In the past, The War Zone has looked in detail at the Centurion, and you can read more about it, and see it in action, here. The Centurion was rushed into service after a crash development program in 2004, to meet an urgent need to defeat rockets and other projectiles during the insurgency in Iraq.
As a point-defense weapon, Centurion is employed in close proximity to friendly forces, typically defending fixed installations such as military bases or even the U.S. Embassy in Baghdad. Another role is to provide a lower tier of defense to protect more advanced and longer-range air-defense systems, such as the Patriot.
Employing a version of the well-known 20mm Vulcan cannon, which is used in numerous American fighters built over the decades from the F-104 to the F-22 Raptor, the Centurion puts up a wall of fire to swat lower-end artillery shells, mortar rounds, and rockets.
While a 30mm cannon, as used in the Chinese CIWS offers greater destructive power and range than the 20mm ammunition used in the Phalanx and its land-based iterations, regardless of caliber, these kinds of weapons all have a fairly limited radius. But when fielded as part of a multi-layered air-defense system, or as a point-defense solution for a particular installation, then that’s not necessarily a problem. Having radar and electro-optical sensors on the same truck chassis means the Chinese system is self-contained and doesn’t have to be plugged into a larger network, although that could be advantageous in some scenarios.
The particular ammunition used in the new Chinese system would also help determine its lethal radius. To ensure that the Centurion’s own fire doesn’t cause destruction to the surrounding area, a special Multipurpose Tracer-Self Destruct (MPT-SD) round is used, which lack the range and ‘stopping power’ of the tungsten-cored armored piercing discarding-sabot (APDS) round used in the naval Phalanx. It could be that the Chinese system makes a similar tradeoff, or it may be that the original non-self-destructing ammunition is retained.
The proliferation of drones is also a likely driver behind the development of the new 11-barrel system. The threat posed by swarming drones is one that has not gone unnoticed by China, which is one of the leading players in that field. Loitering munitions are in the ascendancy in the Asia Pacific region, with the Israeli-made Harop, in particular, proliferating there in both land and sea domains, and with Taiwan also developing loitering munitions of its own. Moreover, the hurdles to exporting a counter-drone system are likely fairly low and, especially after the experience of the Nagorno-Karabakh conflict last year, this is a threat that is fast becoming a high priority outside of China, too.
Whatever role the new Chinese truck-mounted system is intended to fulfill, it’s clear that, if adopted for service, it would offer capabilities in excess of those of the current LD-2000, at least as far as the gun armament is concerned. Equally, there is no reason why short-range surface-to-air missiles couldn’t be added, as on the earlier system, to provide another option against low-level aerial threats.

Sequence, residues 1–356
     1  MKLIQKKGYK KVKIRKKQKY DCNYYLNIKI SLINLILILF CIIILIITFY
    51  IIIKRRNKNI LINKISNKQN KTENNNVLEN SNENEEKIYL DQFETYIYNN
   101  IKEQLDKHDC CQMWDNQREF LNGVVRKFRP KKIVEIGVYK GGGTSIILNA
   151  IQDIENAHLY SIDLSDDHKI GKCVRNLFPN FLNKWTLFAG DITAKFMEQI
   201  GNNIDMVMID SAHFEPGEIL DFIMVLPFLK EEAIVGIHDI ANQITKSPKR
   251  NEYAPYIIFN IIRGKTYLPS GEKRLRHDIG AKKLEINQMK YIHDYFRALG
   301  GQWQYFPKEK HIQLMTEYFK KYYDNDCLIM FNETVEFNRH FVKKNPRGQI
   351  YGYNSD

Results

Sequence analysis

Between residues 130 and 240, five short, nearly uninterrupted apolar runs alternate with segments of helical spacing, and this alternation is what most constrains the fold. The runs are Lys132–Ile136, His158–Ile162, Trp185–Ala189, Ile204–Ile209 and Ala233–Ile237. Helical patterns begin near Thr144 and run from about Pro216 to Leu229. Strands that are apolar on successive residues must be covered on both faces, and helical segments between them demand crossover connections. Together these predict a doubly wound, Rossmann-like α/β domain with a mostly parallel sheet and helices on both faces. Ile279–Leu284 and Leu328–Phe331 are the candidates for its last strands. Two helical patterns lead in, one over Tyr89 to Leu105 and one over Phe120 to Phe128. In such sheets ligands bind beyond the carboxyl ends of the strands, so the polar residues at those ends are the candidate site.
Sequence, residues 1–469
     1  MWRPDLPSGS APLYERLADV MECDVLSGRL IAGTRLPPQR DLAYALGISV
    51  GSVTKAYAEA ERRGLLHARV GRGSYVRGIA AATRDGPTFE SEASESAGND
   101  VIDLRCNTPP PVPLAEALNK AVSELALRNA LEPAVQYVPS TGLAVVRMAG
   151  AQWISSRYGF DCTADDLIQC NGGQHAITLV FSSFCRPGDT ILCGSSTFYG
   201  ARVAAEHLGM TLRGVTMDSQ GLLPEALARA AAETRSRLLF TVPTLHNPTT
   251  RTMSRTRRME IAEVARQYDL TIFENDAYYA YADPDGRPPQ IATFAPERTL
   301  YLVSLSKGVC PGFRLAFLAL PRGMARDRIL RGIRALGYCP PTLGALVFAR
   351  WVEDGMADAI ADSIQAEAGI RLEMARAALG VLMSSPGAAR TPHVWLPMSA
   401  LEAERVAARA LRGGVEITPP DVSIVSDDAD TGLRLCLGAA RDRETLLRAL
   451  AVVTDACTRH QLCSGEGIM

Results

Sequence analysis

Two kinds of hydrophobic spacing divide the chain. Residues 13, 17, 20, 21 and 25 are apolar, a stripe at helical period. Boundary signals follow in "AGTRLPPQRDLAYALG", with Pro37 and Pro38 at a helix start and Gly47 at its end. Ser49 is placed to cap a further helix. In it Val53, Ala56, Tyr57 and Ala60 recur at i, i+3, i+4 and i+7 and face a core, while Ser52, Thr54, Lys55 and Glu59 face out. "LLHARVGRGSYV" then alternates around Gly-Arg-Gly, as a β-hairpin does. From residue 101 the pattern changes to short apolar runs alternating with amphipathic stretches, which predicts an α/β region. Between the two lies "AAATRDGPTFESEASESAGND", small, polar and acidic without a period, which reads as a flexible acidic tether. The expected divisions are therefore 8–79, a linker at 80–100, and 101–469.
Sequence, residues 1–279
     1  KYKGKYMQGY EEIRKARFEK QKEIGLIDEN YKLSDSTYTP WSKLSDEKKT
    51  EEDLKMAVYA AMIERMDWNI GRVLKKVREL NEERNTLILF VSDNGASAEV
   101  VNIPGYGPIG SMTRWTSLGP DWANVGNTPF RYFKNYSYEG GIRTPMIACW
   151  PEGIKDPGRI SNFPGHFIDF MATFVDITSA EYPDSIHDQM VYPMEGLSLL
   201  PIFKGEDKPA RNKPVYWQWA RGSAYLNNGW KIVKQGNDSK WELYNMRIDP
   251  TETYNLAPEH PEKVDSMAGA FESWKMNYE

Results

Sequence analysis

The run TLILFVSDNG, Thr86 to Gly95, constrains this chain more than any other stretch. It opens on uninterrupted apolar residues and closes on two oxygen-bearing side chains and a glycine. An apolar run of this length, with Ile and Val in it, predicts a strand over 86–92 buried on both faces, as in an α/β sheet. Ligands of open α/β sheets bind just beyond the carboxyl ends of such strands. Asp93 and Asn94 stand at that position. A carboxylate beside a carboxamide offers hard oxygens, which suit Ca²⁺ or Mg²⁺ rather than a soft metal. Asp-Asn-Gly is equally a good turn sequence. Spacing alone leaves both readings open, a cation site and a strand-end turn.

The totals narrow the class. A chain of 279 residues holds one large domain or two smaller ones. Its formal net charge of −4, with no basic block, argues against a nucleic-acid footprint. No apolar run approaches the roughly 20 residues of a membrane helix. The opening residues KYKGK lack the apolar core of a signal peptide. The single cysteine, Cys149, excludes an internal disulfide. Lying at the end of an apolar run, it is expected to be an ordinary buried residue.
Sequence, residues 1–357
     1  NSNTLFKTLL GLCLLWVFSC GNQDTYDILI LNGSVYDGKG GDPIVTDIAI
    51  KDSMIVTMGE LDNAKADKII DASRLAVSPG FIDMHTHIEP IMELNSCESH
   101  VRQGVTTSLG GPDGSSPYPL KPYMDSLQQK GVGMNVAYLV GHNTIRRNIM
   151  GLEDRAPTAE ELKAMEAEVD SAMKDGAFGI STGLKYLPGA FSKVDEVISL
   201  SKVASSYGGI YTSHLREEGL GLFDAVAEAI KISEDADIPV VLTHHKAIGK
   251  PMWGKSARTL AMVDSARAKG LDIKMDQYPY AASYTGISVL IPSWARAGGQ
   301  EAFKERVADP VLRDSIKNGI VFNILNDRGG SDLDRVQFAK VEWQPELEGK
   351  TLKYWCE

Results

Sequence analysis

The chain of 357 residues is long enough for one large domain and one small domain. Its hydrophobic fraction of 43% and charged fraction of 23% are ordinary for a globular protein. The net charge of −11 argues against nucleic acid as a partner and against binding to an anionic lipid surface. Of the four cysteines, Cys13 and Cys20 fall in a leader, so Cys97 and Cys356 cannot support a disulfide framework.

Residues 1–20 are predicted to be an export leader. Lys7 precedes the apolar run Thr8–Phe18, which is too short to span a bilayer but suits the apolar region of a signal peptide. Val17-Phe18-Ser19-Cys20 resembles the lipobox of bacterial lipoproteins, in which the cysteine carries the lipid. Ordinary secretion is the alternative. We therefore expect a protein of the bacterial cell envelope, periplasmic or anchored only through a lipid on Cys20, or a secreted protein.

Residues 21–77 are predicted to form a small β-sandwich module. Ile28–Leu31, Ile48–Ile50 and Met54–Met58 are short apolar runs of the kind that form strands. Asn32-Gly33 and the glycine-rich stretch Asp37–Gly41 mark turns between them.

In fact, the continuing Chinese focus on short-range air defense (SHORAD) systems that can detect, track, and engage smaller targets in all weathers, is in stark contrast to the U.S. approach, where this class of weapon has been neglected since the end of the Cold War. This is of particular concern as the drone threat continues to proliferate and it’s a topic that we have discussed in depth in the past.
Meanwhile, there is a growing interest in C-RAM solutions, which could have prompted NORINCO to market this system now. As well as Centurion, solutions include other larger caliber automated gun systems, as well as new directed energy (laser) C-RAM systems, and the missile-based Israeli Iron Dome. As far as laser air-defense systems are concerned, NORINCO also offers a truck-based solution — in this case, intended primarily to destroy low-flying drones:
For now, it’s not certain whether the new ground-based 11-barrel 30mm weapon will enter PLA service, or if it’s actually aimed primarily at the export market, but a system like this makes perfect sense as a rapid means of countering a variety of low-altitude threats in the region, as well as being broadly applicable in other potential conflict zones, too.
Ultimately, it is another indication of the seriousness with which Beijing takes the proliferation of aerial threats, with an impressive arsenal of air-defense systems that can address threats ranging from high-speed, high-altitude air-breathing aircraft, all the way down to air-launched missiles, drones, and potentially now also low-end threats like shells, mortar rounds, and rockets.
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